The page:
Apparently, sex toys existed way longer than we have previously thought. You see, among the artifacts unearthed from the 2000-year-old tombs of aristocrats, elites, and royals in Jiangsu province, China are ancient dildos and butt plugs.
Multiple excavations conducted from 1995 to 2011 revealed a sundry of mundane items estimated to have originated from the Han Dynasty (206 BCE to 220 CE). The artifacts included objects that were used in the people’s day-to-day activities then such as ceramics, urinals, loofahs, and as surprising and eccentric as it sounds, bronze dildos and jade butt plugs.
At the time, jade was a treasured material with its beauty and purity being believed to be able to ward off bodily and spiritual decomposition. In fact, “death suits” for the extremely opulent back then were made of tiles of jade sewn together using golden threads. Butt plugs made of jade were also used to prevent the escape of “vital essences” from the dead body.
A jade suit adorned the body of corpses from ultra-rich families during the Han Dynasty in ancient China.
Fan Zhang, a curator of the exhibition that displays the unearthed artifacts, said,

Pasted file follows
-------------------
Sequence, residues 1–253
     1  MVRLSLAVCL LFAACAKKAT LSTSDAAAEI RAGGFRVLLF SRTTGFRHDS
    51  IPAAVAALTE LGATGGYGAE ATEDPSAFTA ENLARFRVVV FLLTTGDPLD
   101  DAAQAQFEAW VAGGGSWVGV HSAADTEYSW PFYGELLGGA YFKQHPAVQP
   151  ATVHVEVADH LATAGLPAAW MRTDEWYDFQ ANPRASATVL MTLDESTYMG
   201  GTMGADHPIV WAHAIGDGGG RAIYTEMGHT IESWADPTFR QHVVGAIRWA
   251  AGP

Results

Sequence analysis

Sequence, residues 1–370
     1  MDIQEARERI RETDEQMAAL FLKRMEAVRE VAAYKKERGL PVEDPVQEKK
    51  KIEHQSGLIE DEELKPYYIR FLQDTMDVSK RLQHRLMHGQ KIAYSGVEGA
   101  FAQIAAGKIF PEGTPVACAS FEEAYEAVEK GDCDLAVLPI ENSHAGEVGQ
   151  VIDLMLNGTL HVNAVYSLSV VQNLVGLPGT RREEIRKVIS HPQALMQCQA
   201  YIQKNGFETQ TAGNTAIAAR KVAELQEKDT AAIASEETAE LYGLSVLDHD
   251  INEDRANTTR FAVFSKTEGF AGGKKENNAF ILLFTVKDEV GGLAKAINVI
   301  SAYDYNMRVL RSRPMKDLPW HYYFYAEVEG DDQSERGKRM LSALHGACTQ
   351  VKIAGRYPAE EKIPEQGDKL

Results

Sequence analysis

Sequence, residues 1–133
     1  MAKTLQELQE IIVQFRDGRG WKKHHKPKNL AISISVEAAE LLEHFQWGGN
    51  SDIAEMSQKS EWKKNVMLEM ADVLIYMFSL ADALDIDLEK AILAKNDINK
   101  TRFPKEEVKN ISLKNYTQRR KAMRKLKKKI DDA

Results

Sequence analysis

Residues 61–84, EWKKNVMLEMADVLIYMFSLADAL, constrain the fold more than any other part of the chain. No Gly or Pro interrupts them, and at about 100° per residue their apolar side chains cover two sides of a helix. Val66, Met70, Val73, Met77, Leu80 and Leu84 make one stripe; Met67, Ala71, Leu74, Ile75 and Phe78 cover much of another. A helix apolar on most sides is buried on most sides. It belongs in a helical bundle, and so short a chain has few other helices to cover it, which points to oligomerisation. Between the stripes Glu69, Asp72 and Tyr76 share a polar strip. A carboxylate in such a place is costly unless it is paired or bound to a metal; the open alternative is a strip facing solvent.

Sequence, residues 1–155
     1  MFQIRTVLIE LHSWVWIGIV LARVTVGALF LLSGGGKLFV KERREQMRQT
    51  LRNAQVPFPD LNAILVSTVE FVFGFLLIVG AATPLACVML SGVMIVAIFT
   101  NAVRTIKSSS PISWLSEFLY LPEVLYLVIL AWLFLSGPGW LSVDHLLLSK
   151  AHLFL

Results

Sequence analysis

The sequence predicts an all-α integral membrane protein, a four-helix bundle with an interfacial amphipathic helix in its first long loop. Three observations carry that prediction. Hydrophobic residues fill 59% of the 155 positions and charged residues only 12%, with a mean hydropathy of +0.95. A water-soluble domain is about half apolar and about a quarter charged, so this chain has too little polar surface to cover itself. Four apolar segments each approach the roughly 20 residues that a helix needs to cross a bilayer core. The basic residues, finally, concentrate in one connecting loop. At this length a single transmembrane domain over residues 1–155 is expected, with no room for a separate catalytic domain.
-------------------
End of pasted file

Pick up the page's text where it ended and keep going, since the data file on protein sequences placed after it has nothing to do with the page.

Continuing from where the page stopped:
“The jade plugs are used to seal the body and keep in vital essences that can leak out during life and death.
“Basically, it is to maintain the chi. The most important orifice was the mouth, and we have a beautiful example of a mouth seal in the shape of a cicada in the exhibition.”
A bronze plug, believed to have been used so “vital essences” would remain intact in the body even after death.
Now that’s some explanation for the butt plugs. But what about the bronze dildos?
Fan Zhang said,
“Useable bronze dildos are still relatively rare finds, though far from unheard of, and they are occasionally found in elite tombs.
“They were all definitely made for use, and we can speculate based on their various bases how they were worn. They’re all bespoke, and the ones we have here might have been laced into place with leather or silk thongs, though it’s not clear if they were designed for men or women — they’re not heavy at all — though the phallus without the ring form was likely for a man since it was found in a king’s tomb.”
Another phallus unearthed in the excavation.
So most likely, the ancient Chinese knew how to have fun.
These interesting artifacts will be displayed in the forthcoming exhibition entitled “Tomb Treasures” at the Asian Art Museum in San Francisco from February 17th until May 28th of this year.